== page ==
The next set of pictures revolved a typical "woman's room", in which we see many odd pieces of paraphernalia. 

My mom and I had been working quite hard before I left, trying to make some new clothes for me, and this reminded me of that. On the left, you can see a doll, being held upright, I presume the stand is like a dressmaker's dummy seamstresses use today, and you can see some of the dresses already made in the background. 

Some of my classmates: Alix, Trisha, Chris, José, Vatsala (my flatmate), Jeremy, myself, Monty Ram
The next two include a loom, and a sewing machine of sorts, I thought my mom would be interested in seeing them.

None of the photos were taken with flash photography, as that is prohibited in this museum, so this next one might be difficult to see, but it resembles a china hutch my mom has in our dining room.
The next few photos show off the typical interior architecture of the place. As can be read here, (toward the bottom), the museum is actually two separate buildings joined by a wooden section/walkway. I found it quite enchanting.

The little figurine in the left side of the pictures above is a bell. The metal cord for which runs down to ground level. The main door seen on the far side led to the main office, but also, the wine cellar, which we'll see later.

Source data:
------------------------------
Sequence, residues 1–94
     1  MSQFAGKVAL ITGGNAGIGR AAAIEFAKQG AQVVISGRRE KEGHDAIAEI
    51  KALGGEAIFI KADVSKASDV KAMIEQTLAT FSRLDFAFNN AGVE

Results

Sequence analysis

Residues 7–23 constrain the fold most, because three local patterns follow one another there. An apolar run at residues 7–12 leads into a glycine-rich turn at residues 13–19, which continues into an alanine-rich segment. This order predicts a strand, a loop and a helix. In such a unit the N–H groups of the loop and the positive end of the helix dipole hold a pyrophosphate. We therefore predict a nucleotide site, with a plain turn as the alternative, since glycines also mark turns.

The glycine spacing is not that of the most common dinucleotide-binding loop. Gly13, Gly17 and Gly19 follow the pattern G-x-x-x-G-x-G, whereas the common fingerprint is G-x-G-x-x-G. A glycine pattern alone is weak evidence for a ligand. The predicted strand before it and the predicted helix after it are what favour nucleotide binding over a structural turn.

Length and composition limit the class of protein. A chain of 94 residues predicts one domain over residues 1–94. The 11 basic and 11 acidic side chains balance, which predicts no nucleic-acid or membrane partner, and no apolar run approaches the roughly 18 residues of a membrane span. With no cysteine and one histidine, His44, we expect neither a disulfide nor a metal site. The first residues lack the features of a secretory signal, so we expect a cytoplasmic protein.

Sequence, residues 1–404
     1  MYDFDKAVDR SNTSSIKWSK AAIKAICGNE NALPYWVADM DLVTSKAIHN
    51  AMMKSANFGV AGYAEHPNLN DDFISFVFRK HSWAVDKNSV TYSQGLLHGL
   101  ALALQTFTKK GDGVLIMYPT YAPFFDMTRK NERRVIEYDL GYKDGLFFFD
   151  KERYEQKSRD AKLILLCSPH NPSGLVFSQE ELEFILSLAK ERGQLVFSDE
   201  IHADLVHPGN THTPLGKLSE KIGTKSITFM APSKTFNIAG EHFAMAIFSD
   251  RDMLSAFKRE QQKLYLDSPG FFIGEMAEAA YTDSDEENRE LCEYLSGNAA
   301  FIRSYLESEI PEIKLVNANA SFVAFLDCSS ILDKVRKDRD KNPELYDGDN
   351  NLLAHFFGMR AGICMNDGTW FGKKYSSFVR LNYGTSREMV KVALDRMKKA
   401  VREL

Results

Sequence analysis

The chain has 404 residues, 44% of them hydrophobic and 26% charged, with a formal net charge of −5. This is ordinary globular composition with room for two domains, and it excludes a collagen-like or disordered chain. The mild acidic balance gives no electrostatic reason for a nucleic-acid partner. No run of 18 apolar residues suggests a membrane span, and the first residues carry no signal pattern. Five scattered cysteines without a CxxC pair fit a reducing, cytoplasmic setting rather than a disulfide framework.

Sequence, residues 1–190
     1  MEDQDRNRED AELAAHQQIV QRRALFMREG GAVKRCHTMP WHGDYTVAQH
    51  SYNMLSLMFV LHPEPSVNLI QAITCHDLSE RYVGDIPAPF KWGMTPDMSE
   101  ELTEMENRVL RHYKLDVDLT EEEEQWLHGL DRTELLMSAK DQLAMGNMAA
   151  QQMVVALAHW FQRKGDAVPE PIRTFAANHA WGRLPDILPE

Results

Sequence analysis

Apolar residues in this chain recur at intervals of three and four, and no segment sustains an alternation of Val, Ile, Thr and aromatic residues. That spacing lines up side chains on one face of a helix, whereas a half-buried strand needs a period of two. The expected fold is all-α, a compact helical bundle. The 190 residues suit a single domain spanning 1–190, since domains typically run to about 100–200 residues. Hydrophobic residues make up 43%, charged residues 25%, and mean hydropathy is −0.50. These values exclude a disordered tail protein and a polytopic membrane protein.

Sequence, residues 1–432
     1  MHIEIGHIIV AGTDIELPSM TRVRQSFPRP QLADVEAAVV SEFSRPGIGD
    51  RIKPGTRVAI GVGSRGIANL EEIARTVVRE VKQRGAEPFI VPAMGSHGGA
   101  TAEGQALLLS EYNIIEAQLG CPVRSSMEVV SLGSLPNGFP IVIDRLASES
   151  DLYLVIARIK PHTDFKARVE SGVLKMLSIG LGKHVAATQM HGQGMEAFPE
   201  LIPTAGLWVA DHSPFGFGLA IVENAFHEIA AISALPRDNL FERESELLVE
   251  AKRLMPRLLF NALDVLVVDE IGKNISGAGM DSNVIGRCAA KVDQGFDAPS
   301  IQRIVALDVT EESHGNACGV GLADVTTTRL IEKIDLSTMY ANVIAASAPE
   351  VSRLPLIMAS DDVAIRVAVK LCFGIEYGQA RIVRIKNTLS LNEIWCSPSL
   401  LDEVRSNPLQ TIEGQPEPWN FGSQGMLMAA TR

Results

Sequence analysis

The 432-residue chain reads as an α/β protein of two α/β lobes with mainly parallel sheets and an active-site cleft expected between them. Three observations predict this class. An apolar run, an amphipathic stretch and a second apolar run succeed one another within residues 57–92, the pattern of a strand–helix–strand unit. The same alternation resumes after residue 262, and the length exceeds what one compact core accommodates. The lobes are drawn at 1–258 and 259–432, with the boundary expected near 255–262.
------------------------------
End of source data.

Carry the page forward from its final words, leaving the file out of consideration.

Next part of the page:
On the top floor, next to the pictures above, there was a pharmacy, a place wherein medicines were made.

Strasbourg and the surrounding area has a sizable Jewish culture and population. It was interesting seeing how the French, German, and Jewish cultures interacted and influenced each other.

The mannequins in this photo are not only wearing nice dresses, but the bow headdress is actually typical of Alsacian dress at the time, no one else wore this and it signified the area.

The chaps in this photo appearing to be gambling, and yes, that one does seem to own a pet ferret.

They had pocket watches, I have a pocket watch!